A very disturbing thing happened to a friend of mine the other day. Nick Holmes a Court, well known entrepreneur and digital media maven, saw some police activity occurring in a public place and he decided to video it on his mobile phone.
The full story has been reported in Courier Mail, Techwired and Crikey – but the short version is that Nick filmed the police in a public space. The police then confiscated his mobile phone, searched it without his consent and threatened him with arrest under the Anti-Terrorism Act.
Now this all sounds like something that would happen in a police state, not in a free country like Australia. But it happened in Sydney this month to a citizen who had done nothing wrong.
Incidents like this remind us that we have no formal protection of our rights in Australia. In the past it was argued that our rights are enshrined in common law and that this is sufficient protection of those rights. Now we see that long held and traditional common law rights (e.g. habeus corpus) can easily be legislated away.
Many Australians do not realise that our constitution does not protect basic rights such as freedom of speech or freedom of association. The only rights explicity protected in the Australian Constitution are:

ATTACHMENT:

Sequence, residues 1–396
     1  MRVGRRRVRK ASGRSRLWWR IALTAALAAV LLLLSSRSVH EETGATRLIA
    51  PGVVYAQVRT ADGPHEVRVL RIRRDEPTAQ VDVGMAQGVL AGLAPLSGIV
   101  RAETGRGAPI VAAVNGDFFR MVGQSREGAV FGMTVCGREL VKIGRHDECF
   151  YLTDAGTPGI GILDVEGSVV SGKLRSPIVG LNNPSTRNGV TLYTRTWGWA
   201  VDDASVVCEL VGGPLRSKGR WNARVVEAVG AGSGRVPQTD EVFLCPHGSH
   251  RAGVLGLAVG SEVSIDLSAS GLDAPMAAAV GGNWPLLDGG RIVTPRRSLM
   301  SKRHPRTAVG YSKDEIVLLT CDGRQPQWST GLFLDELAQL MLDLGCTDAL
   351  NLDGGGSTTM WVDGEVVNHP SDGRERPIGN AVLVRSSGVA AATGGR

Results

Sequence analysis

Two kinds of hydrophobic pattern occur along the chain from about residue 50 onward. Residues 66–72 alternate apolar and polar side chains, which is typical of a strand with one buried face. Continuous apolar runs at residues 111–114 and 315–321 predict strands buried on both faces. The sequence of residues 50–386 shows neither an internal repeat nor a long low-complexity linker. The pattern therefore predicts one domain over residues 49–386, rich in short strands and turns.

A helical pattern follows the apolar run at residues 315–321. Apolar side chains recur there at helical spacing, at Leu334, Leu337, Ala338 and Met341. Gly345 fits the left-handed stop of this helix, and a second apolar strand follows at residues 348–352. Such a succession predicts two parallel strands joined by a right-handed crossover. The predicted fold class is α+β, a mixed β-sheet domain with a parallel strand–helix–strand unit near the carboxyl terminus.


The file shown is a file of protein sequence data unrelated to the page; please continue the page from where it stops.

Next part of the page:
- freedom of religion, [Section 116]
- trial by jury, [Section 80]
- freedom from discrimination against out-of-State residents, [Section 117]
- and a right to acquisition of property on just terms. [Paragraph 51(xxxi)]
Any other rights are open to judicial interpretation under common law or can be legislated away by Parliament. Thus the assumed rights of Australians are extremely vulnerable to attack.
In Australia today our freedom is seriously at risk. We need the formal protection of a constitutional bill of rights. We need a bill of rights that cannot be attacked or diminished by politicians legislating away our rights. We need our human rights protected formally and in a way that the consent of the people is required in order to diminish those rights.
More information on the issue of a bill of rights for Australia is available on the Council for Civil Liberties site.
I suspect that there are constitutional experts who can explain the issues far better than I – please feel free to correct any errors in fact in comments.